Arnaud Sussmann, violinist

A Music@Menlo Meet the Artist interview

Music@Menlo Chamber Music Festival & Institute

July 12 – August 3

Under the artistic direction of David Finckel and Wu Han, Music@Menlo is based in Atherton, California. Each year a carefully-chosen theme forms the basis of the summer festival, comprising concerts, artist-curated recitals, lectures, a training institute, and free public events. “Incredible Decades” is the theme for 2019, tracing 300 years of musical evolution from Bach to the new millennium. For more info, visit:


Who or what inspired you to take up [your chosen instrument], and pursue a career in music?

Neither of my parents are musicians but they both love classical music and they thought it would be good for my sisters and for me to learn an instrument growing up. I started on the piano when I was 5 years old and switched to the violin at the age of 7. As far as pursuing a career in music, I feel fortunate that I never really had to make that decision – from the moment I picked up the violin, there was no doubt in my mind that this was what I wanted to do for the rest of my life.

Who or what have been the most important influences on your musical life and career?

First, I have to mention my teacher and mentor back in France, Boris Garlitsky. I studied with him from the age of 13 to 17 and I am so thankful to this man for everything he taught me. He himself is an incredible violinist, from the great Russian school of violin playing, and a fantastic pedagogue. To this day, I still talk to him regularly and play for him whenever possible (online or when I visit Paris).

Itzhak Perlman is another hugely important person in my musical life. I was fortunate to study with him at The Juilliard School in New York City from 2001 to 2007. I grew up idolizing his recordings and his sound in particular. It was quite surreal to play for him on a weekly basis for 6 years!

Finally, David Finckel and Wu Han have been the two most important people in my musical life since I met them in 2005. As Artistic Directors of the Chamber Music Society of Lincoln Center and Music@Menlo, they truly have been mentors and leaders to me and countless other young musicians.

What have been the greatest challenges of your career so far?

The most challenging thing for me so far has been to find the right balance in life between the violin/music and everything else! There definitely was a time years ago when my obsession with the violin and practicing became almost unhealthy.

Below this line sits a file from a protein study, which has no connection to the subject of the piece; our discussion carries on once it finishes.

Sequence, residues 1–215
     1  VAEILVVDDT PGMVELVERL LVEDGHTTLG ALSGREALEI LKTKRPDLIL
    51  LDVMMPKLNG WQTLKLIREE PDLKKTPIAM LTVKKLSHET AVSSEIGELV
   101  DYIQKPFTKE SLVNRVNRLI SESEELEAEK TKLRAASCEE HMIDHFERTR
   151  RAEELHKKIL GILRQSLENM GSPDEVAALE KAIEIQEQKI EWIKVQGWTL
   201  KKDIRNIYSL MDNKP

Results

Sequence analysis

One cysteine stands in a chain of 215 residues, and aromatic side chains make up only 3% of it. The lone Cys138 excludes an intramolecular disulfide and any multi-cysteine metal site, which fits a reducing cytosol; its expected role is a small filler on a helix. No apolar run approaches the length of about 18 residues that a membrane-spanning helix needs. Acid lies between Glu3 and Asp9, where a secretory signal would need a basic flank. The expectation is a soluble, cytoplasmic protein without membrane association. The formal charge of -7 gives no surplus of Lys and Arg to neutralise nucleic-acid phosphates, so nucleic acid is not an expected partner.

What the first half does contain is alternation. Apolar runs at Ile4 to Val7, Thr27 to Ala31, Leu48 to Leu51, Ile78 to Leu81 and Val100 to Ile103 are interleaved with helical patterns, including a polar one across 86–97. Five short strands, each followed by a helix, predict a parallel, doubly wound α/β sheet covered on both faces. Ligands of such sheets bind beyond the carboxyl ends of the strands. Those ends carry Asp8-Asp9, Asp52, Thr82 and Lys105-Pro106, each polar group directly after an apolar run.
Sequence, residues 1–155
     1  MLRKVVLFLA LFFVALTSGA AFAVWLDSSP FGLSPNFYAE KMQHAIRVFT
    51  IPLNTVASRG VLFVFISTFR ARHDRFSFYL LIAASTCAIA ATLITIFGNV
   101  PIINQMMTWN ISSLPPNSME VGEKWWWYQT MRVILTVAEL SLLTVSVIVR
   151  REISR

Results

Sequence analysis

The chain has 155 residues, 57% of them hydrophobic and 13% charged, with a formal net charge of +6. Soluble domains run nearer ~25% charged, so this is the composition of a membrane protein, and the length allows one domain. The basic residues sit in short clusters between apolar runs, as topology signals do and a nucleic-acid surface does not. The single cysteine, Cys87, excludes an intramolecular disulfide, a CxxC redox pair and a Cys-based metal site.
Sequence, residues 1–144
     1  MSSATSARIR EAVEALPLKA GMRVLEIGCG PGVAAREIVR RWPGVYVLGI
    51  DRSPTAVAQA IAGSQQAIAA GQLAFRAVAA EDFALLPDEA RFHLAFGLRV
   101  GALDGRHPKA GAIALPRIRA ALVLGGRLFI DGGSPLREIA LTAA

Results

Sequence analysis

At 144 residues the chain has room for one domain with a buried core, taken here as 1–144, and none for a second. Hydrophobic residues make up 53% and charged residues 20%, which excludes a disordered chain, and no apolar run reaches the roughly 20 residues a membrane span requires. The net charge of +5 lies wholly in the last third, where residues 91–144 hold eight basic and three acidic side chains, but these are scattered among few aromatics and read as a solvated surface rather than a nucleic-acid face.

Which performance/recordings are you most proud of?

To be honest, I am never really satisfied with my concerts/recordings. There is always room to improve. It’s actually one of the most beautiful thing about what we do as artists/musicians – the never ending quest to strive for better. Of course, there are some performances that I remember fondly. For example, I recently played a chamber music concert with violinist Pamela Frank and violist Paul Neubauer for Music@Menlo’s new Focus series. Both of them are incredible musicians and we had a very special contact on stage that concert.

As for a recording, I’m proud of the latest CD that I just released – it is called Arnaud Sussmann Live from Music@Menlo and is made up of various recordings I chose from my favorite appearances at the festival spanning over the last 10 years.

Which particular works do you think you play best?

I feel a strong connection to Czech composers/music, in particular Dvorak, Suk, Janacek. Their music to me is raw and honest and it suits my musical temperament.

How do you make your repertoire choices from season to season?

As a chamber musician, and in particular with the Chamber Music Society of Lincoln Center, the repertoire is assigned to the musicians by the Artistic Directors. For recitals, I create my own programs and I have to think about a lot of different factors: creating a balanced program, having a good flow throughout the concert, making sure there is plenty of variety in all the works that are played, etc…

Do you have a favourite concert venue to perform in and why?

I recently played again at the Wigmore Hall in London. What a wonderful venue, full of history – the green room is packed with photos of all the musical legends that have performed there – and the sound on stage is warm and round.

Who are your favourite musicians?

Not in any particular order, and very incomplete:  Leonidas Kavakos, Pamela Frank, Jascha Heifetz, David Oistrakh, Leonard Bernstein, Sergei Rachmaninov, Arthur Rubinstein, Grigory Sokolov, Itzhak Perlman, Fritz Kreisler, Joseph Hassid, and many others…

What is your most memorable concert experience?

There are many memorable experiences – here is one of them:

Back in 2007, I played Schoenberg’s Verklaerte Nacht with the Chamber Music Society for a Live From Lincoln Center broadcast on PBS. It was nerve-wracking and exhilarating and every emotion in between!

As a musician, what is your definition of success?

To know your strengths and weaknesses, and to find your true voice as a musician.

What do you consider to be the most important ideas and concepts to impart to aspiring musicians?

Put in the work and practice diligently, there are no secrets or shortcuts.

Be a good/nice colleague – it’s not enough to just play well.

Respect the composers and what’s written on the page. And make sure to study the score, not just your individual part.

What is your idea of perfect happiness?

To have the right balance between your professional and personal life!


(Artist photo: Matt Dine)

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